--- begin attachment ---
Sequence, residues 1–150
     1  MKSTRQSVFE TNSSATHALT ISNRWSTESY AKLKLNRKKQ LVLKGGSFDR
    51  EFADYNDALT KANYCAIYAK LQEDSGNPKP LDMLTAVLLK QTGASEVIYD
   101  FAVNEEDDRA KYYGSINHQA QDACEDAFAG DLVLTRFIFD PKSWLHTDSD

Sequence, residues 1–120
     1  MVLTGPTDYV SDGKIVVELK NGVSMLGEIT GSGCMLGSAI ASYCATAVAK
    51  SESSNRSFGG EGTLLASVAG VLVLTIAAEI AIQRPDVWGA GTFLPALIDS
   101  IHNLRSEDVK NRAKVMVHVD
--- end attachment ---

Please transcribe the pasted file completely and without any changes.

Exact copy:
Sequence, residues 1–150
     1  MKSTRQSVFE TNSSATHALT ISNRWSTESY AKLKLNRKKQ LVLKGGSFDR
    51  EFADYNDALT KANYCAIYAK LQEDSGNPKP LDMLTAVLLK QTGASEVIYD
   101  FAVNEEDDRA KYYGSINHQA QDACEDAFAG DLVLTRFIFD PKSWLHTDSD

Sequence, residues 1–120
     1  MVLTGPTDYV SDGKIVVELK NGVSMLGEIT GSGCMLGSAI ASYCATAVAK
    51  SESSNRSFGG EGTLLASVAG VLVLTIAAEI AIQRPDVWGA GTFLPALIDS
   101  IHNLRSEDVK NRAKVMVHVD